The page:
Engage Future Voters with Election Projects
With the presidential election dominating the news between now and November, there's no shortage of timely material to bring into classroom discussions. If used as the starting point for project-based learning, the 2012 election can engage students in thinking critically about everything from media messages to voter rights to public opinion polls.
Here are resources to help you plan projects that go deeper than current-events-style conversations.
Projects to Amplify Youth Voice
Today's high school students will soon be old enough to vote. Will they take advantage of this civic responsibility? Projects that give youth a voice about civic issues are likely to be relevant and engaging for today's students, some of who will have their first chance to vote in November.
To see how an election project can be structured to address both current events and academic learning goals, take a look at the California Propositions project developed during a previous election cycle. Justin Wells, teacher of English and Government at Metropolitan Arts and Technology High School in San Francisco, CA, describes the deep thinking behind the project in this video:
Schools across the New Tech Network, a national network of more than 100 PBL schools, are teaming up this fall on what teacher Mike Kaechele (@mikekaechele on Twitter) describes as the "Epic Election Project." Students are forming their own political parties and broadcasting their own campaign messages in a project designed to inspire critical thinking and media literacy.
Meanwhile, teachers are collaborating to share useful resources and classroom strategies. Listen to teacher Joe Urschel from Eagle Tech School in Indiana make a case for why students need to take part in projects like this:
Watch the project unfold and stay up-to-date on new resources by following the Twitter hashtag #MyParty12. Kaechele will be blogging about the project on his Concrete Classroom blog.
The New York Times Learning Network suggests engaging students in election-year politics by asking them to respond to this question: What if the voting age were lowered to 13? Between now and Sept. 21, students can weigh in with their replies. Student posts judged to be the most "interesting, articulate and thoughtful" will be featured.
The New York Times Learning Network also offers in-depth unit plans relating to the election year. The 2012 Presidential Election Unit, for example, meets Common Core State Standards for English Language Arts.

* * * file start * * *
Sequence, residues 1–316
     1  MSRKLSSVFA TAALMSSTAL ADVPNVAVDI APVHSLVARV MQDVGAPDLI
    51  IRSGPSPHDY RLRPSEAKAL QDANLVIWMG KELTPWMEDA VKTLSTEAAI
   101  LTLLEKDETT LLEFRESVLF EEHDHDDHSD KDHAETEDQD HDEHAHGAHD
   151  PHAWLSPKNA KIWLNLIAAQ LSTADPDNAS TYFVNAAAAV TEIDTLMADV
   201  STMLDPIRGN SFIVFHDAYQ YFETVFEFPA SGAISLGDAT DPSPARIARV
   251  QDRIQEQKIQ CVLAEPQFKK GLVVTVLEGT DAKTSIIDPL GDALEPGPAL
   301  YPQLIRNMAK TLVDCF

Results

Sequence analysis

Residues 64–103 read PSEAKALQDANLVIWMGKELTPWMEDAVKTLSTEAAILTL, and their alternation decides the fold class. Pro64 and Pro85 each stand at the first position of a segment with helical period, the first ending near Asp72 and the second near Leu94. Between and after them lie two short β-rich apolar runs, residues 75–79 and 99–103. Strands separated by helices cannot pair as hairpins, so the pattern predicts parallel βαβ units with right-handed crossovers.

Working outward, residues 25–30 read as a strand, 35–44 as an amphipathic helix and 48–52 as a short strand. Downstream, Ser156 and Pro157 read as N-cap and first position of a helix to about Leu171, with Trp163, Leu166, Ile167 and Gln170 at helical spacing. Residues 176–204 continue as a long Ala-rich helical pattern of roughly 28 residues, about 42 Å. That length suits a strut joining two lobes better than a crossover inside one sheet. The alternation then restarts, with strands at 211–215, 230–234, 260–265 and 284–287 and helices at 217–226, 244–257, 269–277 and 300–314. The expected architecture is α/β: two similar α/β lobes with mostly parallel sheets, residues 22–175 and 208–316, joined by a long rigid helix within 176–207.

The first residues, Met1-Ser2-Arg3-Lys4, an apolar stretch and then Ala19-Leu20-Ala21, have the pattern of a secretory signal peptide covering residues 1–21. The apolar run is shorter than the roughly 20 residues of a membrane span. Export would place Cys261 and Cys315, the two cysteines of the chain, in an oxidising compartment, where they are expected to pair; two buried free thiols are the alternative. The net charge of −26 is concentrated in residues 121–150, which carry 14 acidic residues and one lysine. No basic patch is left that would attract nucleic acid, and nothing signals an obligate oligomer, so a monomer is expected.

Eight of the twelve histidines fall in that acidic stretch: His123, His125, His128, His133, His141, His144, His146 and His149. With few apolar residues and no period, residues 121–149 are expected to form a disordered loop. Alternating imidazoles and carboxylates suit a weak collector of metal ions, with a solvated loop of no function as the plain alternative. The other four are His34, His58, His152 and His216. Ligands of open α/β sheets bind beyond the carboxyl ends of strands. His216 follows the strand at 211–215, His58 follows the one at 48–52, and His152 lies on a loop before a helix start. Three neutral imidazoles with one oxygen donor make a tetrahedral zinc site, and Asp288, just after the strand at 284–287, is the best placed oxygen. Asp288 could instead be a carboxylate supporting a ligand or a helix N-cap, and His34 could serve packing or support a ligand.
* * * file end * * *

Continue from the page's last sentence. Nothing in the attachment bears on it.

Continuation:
Media Literacy Projects
Prompting students to think more critically about the messages they see and hear this election season is a goal of projects that emphasize media literacy.
When students become media literate, they learn to ask critical questions about how political advertisements were constructed, who paid for them to be produced and aired, and whether the information is credible or distorted. Often, such projects lead to students producing and publishing their own media messages.
Media literacy resources that can be incorporated into projects include:
- News Literacy Project, which connects seasoned journalists with students from middle school and high school.
- Kathleen Parker of the Washington Post says the project helps students answer this essential question: How do you find the truth?
- Media Education Lab links to a number of classroom resources
- Media Literacy Clearinghouse features resources to help students analyze political ads
- Frank Baker, media literacy expert and creator of the Media Literacy Clearinghouse, shares his insights about learning from election season in a three-part interview with School Library Journal
Many more resources can help you bring election season into your classroom. Here are just a few to keep in mind:
- I Side With is an interactive tool that asks users to take a short quiz, then lets them know which presidential candidate's views most closely match their opinions. Students can expand the conversation by sharing their results via social media
- Social Studies Chat, a weekly online discussion, is a good place to find like-minded social studies teachers for collaborative projects. Follow the Twitter hashtag #sschat
- Larry Ferlazzo's "Best Resources for Learning about the 2012 U.S. Presidential Election" is a goldmine of resources
Are you planning an election-year project? How will you encourage your students to think critically about presidential politics? Please share your project ideas in the comments.